The Wisconsin Alumni Research Foundation claimed that have provides Pfizer the rights to work with human embryonic stem cells for drug research and discovery.
Renowned pharmaceutical company Pfizer Inc. also announced Tuesday it has signed the license with the Wisconsin Alumni Research Foundation to use human embryonic stem cells for the development of new drug therapies.
WARF holds several key patents that broadly cover the preparation of embryonic stem cells, which are the basic material from which virtually all organs, cells and other body tissues are formed. The patents are based on the work of James Thomson, a University of Wisconsin-Madison scientist.
Pfizer is the biggest of the 35 companies to sign an embryonic stem cell license with the foundation. Other famous include Invitrogen Corp. of Carlsbad, Calif., and BD Biosciences, part of Becton, Dickinson & Co., based in Franklin Lakes, N.J., and Vancouver, British Columbia. WARF also has issued 964 embryonic stem cell licenses to academic researchers.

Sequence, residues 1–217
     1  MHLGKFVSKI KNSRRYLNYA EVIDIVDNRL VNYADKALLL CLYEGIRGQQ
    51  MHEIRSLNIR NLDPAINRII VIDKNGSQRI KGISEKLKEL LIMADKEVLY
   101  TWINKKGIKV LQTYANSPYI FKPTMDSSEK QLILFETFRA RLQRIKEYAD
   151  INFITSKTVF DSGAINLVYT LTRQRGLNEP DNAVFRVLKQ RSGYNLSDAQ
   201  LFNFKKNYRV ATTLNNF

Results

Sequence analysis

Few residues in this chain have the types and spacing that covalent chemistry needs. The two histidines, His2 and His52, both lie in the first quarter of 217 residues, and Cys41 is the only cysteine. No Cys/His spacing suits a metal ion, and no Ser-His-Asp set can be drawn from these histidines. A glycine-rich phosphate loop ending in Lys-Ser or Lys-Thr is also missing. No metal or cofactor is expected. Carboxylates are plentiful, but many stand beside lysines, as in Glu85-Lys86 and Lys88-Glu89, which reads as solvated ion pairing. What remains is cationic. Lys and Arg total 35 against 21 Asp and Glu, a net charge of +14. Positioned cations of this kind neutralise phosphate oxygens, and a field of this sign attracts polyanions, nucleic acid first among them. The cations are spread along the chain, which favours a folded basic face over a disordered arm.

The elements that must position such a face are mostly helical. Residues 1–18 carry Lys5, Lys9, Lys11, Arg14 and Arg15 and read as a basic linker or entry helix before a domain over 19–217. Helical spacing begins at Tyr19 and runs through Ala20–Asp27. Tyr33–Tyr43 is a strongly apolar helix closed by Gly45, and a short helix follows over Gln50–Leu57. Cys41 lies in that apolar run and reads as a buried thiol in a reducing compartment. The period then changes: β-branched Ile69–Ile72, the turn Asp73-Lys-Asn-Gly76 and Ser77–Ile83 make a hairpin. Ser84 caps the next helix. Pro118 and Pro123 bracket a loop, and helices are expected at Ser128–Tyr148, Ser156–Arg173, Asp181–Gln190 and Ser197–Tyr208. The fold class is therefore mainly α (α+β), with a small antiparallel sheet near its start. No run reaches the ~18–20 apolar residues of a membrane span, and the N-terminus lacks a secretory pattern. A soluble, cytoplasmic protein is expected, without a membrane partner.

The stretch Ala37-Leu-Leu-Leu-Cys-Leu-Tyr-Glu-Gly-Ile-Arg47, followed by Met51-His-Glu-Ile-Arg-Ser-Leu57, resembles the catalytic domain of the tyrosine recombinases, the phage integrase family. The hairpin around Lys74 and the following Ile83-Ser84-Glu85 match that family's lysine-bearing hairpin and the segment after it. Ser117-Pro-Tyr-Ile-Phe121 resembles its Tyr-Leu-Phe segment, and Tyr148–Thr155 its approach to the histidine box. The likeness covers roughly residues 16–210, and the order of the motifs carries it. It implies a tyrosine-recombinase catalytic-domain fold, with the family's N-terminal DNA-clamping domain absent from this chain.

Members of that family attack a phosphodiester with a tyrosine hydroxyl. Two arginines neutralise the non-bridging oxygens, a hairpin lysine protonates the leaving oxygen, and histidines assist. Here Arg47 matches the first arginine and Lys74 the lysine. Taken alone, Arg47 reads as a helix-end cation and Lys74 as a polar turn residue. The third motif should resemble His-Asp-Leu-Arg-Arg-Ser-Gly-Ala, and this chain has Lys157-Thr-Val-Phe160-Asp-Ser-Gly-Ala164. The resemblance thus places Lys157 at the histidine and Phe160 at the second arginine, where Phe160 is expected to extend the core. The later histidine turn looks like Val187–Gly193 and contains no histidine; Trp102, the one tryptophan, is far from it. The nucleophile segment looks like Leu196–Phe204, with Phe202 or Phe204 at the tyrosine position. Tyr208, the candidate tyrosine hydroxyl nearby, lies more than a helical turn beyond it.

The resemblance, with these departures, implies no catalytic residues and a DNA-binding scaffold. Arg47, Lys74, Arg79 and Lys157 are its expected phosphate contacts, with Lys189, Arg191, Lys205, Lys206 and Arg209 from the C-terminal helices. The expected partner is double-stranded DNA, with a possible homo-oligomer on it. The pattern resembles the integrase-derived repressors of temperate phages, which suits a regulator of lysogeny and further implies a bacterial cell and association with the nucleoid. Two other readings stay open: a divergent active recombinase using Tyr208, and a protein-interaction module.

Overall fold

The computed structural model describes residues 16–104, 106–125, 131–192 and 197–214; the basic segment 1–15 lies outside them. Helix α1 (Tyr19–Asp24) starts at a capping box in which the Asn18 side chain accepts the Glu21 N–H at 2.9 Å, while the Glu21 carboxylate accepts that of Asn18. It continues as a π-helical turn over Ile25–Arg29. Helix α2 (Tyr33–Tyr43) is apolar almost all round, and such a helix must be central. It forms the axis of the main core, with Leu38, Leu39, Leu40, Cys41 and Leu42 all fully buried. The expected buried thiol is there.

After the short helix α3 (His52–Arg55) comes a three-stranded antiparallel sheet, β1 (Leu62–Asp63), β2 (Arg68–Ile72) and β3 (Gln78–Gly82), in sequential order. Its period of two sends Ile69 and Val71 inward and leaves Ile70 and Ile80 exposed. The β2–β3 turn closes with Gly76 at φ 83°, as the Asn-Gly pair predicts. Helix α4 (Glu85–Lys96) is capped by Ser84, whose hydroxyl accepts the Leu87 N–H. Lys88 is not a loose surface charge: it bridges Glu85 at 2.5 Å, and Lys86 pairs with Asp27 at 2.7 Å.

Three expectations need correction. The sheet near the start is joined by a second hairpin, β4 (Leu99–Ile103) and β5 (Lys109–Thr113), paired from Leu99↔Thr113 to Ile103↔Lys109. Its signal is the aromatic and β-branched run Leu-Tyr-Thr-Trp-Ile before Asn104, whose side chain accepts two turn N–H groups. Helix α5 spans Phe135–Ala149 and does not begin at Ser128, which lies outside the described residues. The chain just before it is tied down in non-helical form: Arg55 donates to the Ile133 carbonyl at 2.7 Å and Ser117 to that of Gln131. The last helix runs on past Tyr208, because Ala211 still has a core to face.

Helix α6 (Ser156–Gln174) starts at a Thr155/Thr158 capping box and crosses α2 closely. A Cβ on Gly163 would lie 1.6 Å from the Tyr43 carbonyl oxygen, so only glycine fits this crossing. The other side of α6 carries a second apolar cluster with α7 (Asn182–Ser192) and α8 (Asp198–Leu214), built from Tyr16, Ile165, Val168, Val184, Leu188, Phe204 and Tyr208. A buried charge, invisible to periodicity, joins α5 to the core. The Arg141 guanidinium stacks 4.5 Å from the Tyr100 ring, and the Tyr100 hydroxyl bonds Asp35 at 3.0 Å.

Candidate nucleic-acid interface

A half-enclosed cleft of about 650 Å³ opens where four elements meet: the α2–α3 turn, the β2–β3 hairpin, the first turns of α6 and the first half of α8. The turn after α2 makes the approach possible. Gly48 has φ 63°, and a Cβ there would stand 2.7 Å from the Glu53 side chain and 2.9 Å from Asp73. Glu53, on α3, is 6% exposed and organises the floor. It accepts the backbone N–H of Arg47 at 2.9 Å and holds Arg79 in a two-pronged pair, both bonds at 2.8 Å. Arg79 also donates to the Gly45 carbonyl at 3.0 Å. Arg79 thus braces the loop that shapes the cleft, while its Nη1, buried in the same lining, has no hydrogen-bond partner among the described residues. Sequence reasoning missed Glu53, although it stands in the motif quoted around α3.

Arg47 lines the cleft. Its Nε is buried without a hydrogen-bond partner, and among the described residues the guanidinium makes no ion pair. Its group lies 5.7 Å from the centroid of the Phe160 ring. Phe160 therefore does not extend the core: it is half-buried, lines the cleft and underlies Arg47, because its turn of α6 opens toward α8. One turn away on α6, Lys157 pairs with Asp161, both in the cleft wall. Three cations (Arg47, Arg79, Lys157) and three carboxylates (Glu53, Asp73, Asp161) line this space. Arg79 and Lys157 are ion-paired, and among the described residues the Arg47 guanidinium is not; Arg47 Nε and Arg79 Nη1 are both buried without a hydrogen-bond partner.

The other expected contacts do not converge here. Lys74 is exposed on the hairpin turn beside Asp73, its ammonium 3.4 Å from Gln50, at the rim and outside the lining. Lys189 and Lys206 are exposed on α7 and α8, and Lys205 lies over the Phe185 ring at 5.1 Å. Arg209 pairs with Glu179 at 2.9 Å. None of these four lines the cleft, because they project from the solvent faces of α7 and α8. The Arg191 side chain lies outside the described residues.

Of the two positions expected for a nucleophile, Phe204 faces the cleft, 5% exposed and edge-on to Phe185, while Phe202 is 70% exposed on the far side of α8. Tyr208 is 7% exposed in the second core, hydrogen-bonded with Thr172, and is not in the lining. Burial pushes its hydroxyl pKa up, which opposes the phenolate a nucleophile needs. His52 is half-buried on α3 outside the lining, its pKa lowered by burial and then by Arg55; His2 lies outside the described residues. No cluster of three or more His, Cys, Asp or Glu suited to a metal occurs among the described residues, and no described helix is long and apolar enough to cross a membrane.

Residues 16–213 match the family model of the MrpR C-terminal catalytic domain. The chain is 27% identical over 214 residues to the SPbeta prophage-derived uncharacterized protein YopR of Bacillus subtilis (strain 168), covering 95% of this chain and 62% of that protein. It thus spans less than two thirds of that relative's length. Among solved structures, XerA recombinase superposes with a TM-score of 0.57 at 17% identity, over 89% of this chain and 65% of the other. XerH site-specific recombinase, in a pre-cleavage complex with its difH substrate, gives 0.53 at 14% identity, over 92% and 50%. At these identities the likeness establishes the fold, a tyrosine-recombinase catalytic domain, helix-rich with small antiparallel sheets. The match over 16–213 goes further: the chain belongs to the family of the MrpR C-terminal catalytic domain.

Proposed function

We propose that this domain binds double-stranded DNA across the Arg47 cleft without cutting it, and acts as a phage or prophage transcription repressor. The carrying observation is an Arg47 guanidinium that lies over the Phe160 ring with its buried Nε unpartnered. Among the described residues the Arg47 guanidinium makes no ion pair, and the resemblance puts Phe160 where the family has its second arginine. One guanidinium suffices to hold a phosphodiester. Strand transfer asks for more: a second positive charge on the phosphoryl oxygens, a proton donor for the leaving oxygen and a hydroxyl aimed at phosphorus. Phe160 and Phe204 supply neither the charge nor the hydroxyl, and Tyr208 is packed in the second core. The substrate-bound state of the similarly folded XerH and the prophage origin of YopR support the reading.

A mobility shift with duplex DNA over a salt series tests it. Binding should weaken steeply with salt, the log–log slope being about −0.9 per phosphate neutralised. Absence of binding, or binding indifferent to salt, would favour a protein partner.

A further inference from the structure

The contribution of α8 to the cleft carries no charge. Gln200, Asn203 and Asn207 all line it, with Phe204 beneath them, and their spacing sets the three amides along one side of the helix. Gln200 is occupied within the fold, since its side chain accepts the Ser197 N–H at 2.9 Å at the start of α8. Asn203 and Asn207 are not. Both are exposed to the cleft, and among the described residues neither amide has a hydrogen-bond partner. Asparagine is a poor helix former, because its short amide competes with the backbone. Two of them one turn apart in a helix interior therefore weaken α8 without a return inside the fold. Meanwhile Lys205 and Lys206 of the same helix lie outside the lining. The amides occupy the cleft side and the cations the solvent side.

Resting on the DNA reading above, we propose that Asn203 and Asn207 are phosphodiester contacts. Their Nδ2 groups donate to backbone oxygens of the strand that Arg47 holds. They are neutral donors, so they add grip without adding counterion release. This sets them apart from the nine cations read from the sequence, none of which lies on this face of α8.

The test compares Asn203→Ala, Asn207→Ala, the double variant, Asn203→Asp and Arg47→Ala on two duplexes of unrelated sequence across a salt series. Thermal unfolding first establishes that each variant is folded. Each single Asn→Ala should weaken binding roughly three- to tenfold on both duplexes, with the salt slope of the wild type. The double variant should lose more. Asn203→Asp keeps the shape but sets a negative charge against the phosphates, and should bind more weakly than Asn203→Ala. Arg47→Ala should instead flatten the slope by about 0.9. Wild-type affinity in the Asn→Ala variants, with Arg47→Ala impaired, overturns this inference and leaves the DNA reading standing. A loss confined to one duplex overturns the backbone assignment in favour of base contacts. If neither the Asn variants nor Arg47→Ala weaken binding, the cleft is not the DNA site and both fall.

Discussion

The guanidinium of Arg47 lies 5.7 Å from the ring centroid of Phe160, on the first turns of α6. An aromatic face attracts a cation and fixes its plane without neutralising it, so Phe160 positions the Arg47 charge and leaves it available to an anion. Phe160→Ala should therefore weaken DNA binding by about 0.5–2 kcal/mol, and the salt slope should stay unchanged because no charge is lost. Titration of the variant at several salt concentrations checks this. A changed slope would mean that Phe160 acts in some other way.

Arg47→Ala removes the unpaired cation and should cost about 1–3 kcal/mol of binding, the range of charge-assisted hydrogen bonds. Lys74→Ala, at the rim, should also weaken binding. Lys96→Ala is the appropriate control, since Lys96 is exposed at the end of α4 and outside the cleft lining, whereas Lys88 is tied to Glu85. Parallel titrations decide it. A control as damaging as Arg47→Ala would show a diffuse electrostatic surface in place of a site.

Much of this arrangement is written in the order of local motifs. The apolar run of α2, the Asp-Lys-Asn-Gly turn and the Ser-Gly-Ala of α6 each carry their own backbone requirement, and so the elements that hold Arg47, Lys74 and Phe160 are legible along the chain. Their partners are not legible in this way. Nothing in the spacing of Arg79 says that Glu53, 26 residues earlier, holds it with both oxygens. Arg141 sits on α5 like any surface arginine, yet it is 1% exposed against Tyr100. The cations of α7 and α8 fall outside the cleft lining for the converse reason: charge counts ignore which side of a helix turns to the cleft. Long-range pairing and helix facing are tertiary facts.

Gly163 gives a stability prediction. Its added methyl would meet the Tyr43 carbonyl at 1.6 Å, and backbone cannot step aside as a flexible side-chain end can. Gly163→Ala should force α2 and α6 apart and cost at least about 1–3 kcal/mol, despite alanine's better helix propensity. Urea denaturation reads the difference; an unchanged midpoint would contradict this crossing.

In November 2008, Pfizer launched the Pfizer Regenerative Medicine research unit. Pfizer researchers and scientists are working to discover and develop new ways to treat and prevent life-threatening and debilitating illnesses, as well as to improve wellness and quality of life.
According to Wisconsin Gov. Jim Doyle having these two giants in the field of biopharmaceutical research and stem cell research come together brings a step closer towards finding relief from diseases like diabetes, Alzheimer’s, Parkinson’s, multiple sclerosis and cancer.
Wisconsin Gov. Jim Doyle is now looking forward to find relief from diseases like diabetes, Alzheimer’s, Parkinson’s, multiple sclerosis and cancer. He believes that having these two giants in the field of biopharmaceutical research and stem cell research they are surely a step forward to find relieves against killer diseases.